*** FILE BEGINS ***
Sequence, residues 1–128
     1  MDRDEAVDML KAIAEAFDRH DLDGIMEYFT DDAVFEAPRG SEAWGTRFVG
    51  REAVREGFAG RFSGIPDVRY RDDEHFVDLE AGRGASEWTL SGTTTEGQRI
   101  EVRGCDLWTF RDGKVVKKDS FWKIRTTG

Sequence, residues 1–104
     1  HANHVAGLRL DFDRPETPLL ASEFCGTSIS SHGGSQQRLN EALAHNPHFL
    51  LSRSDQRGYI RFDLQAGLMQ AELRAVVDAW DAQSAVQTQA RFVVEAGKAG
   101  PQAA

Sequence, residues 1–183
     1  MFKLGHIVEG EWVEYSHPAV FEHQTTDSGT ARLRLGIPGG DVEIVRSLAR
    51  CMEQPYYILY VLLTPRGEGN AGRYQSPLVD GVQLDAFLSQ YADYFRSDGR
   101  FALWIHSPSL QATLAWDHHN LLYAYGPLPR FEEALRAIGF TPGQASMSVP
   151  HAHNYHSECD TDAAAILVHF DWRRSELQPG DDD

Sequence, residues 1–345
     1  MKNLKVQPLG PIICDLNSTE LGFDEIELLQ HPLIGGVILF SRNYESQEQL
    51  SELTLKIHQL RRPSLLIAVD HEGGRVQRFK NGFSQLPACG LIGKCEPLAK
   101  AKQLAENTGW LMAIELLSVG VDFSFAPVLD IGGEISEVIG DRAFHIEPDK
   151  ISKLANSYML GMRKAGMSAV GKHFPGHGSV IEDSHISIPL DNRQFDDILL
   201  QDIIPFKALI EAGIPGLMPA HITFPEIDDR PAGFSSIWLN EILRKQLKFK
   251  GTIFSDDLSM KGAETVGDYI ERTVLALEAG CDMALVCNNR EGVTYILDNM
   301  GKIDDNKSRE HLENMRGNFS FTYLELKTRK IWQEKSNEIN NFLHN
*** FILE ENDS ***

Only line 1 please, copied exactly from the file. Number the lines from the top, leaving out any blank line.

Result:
Sequence, residues 1–128